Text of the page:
• Facilitation: An integral part of a Birthright trip is the formal conversations that take place at the end of the day. Facilitating a discussion between 40 Americans and 7 Israelis is challenging for even the most experienced educator and is a skill that needs to be honed before, during and after the trip.
  • Communication: A challenging part of leading a Taglit-Birthright Israel trip is managing some of the cultural communication differences between American and Israelis. This complicates staff-staff relationships and staff-participants interactions and decreases the effectiveness of the trip.
  • Planning Evening Activities: After a long day, evening activities, if not executed very well can cause resentment among the participants and are indeed a waste of time. The time that is spent with these 47 participants is holy and what they encounter on the trip must live up to this high standard.

    Shabbat and Jewish Rituals: Staff struggle with planning a great Shabbat for their participants. Going to the Western Wall or a synagogue is often impossible for trip providers, because hotels in Jerusalem are cost prohibitive. Groups often end up staying on the outskirts of the City or on kibbutzim. However, Shabbat is so important! It could be the first Shabbat some participants ever experience in their lives, and unfortunately maybe the last. The same is true for bar and bat mitzvahs and naming services on the trip. How do you facilitate these rituals to be meaningful, long lasting and impactful?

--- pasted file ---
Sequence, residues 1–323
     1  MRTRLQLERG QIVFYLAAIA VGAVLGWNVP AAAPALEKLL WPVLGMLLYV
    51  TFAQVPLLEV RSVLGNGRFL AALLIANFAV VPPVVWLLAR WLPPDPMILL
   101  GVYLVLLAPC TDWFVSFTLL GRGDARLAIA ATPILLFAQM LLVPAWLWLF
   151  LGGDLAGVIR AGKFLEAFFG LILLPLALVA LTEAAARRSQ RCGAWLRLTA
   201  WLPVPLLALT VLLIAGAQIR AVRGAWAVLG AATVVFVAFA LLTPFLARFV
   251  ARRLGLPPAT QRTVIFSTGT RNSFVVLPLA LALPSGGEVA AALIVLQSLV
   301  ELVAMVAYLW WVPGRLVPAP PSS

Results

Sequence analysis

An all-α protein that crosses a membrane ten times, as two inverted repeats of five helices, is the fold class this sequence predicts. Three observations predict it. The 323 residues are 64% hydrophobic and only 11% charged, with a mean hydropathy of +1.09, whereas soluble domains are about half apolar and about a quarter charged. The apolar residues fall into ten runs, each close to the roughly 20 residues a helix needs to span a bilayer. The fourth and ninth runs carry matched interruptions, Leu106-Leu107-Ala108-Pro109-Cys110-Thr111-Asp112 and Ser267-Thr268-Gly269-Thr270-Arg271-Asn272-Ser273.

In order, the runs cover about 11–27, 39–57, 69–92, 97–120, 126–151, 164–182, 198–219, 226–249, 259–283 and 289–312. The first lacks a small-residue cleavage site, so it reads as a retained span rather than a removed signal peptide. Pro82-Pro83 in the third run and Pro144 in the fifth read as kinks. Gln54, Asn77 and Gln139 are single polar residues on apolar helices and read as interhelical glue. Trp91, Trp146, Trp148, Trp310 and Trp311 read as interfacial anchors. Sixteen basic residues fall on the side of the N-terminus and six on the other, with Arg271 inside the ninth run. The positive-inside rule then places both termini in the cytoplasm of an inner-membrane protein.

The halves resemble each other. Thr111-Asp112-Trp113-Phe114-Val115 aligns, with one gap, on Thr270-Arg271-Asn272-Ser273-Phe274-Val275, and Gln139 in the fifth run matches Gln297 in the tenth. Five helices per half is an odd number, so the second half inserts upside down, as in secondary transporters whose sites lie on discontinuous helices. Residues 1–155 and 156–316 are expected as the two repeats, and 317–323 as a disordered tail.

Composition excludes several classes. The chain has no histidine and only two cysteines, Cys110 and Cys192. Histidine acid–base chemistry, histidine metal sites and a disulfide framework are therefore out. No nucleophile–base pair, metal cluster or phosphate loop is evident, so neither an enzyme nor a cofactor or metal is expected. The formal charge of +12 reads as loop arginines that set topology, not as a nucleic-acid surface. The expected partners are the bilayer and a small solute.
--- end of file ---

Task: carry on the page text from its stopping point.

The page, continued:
There are many experts in the Jewish community who can run training sessions on presentation, facilitation, communication and execution of evening activities, and Jewish rituals. However, these sessions must be followed by practicums and the implementation of those practicums can be creatively executed whether the madrich or moreh derech is in Seattle or Tiberias.

Having staff simply present what they are “going to do” isn’t good enough or very effective. They need the practice, a scaled down version to what is offered in student teaching.

For example, a person can go back to their offices or their friends and family and facilitate a discussion, present a site or teach a text study. The participants in the session can evaluate their pedagogies and those evaluations can be processed with a coach or teacher. For the Israeli staff, their practicums can take place on their trips, other trips or with other morei derech.